Like the film it’s based on, Chariots of Fire tells the story of runners Eric Liddell and Harold Abrahams who win a place on the UK’s 1924 Olympic team.
If you’ve seen the film you know the rest of the story, if you haven’t our spoiler-free policy means I’m not going to tell you more than that.
Ahead of seeing the play I was unsure how a story that relies on the large, open spaces of racing tracks could be scaled down to fit a stage.
Were we to be treated to the cast merely running back and forward across the traditional long stage in front of some painted backdrops? If so that hardly seemed appropriate for such an inspirational story.
In the end there was no need for such pessimism – designer Miriam Buether has offered up something much better.
A central circular stage has been laid out with a figure 8 running track looping through the seating which has in turn been extended to surround the stage.
This gives the play a very immersive feel, effectively turns the theatre audience into stadium patrons and places the sweat and energy of the running central to the performances.
James McArdle and Jack Lowden lead the cast as Abrahams and Liddell respectively while stalwarts Simon Williams and Nickolas Grace bring a touch of old school charm to proceedings.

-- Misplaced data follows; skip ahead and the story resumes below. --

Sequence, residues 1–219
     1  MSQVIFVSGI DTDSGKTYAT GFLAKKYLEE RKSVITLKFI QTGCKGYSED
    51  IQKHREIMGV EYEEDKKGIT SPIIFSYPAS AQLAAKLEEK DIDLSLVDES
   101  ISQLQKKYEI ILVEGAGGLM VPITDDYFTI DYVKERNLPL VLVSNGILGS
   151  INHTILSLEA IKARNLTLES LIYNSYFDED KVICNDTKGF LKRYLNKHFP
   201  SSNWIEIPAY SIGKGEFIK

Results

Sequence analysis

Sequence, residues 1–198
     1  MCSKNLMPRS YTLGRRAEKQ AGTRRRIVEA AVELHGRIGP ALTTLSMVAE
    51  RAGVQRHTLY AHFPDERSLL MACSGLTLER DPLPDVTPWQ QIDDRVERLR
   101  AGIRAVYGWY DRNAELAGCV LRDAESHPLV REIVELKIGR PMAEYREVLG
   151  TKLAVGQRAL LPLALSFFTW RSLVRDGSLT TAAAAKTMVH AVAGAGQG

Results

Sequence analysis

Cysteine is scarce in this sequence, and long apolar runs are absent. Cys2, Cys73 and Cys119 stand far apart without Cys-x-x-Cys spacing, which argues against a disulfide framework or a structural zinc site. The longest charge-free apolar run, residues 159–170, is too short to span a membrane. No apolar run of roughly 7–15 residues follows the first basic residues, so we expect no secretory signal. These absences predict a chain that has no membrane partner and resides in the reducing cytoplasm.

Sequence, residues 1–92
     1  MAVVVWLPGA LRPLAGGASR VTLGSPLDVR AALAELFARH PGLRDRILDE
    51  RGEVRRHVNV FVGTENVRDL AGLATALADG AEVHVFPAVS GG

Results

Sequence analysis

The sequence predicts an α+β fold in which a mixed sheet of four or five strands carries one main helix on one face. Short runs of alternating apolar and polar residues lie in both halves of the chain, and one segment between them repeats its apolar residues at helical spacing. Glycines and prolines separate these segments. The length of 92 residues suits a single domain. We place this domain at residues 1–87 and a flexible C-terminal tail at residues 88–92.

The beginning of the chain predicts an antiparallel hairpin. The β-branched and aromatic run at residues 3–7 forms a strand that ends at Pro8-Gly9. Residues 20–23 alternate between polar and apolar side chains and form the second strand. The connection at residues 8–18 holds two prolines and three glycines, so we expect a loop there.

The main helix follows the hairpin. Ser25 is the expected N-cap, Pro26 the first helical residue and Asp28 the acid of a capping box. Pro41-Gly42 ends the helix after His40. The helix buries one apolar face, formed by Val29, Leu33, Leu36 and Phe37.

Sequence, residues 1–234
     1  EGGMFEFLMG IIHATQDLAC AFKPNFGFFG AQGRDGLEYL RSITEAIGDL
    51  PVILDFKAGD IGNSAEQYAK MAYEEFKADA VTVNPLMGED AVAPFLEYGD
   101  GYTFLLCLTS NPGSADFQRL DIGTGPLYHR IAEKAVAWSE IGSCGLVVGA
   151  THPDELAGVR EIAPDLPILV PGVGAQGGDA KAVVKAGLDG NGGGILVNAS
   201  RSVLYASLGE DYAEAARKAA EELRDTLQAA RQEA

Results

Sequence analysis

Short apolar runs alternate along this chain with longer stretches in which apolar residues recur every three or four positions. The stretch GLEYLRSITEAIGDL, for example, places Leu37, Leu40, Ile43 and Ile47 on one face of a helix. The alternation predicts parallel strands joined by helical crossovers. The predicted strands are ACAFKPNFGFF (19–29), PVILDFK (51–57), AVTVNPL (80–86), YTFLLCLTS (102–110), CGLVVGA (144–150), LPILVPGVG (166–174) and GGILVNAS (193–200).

Both leads nicely capture the determination and drive of successful sportsmen and are ably supported by energetic performances from the rest of the cast.
By the end of the night my long held cynicism towards this year’s London Games had been transformed into a relentlessly positive and patriotic vibe.
If you don’t leave the theatre rooting for Team GB you weren’t paying enough attention.
The timing of the play’s opening – weeks before London hosts the Olympics – should ensure it does great box office but it’s the fantastic performances, script and production values which mean this play deserves a successful run.
Our verdict: 5/5
Chariots of Fire runs until 10 November at the Gielgud Theatre. Tickets can be booked via this link.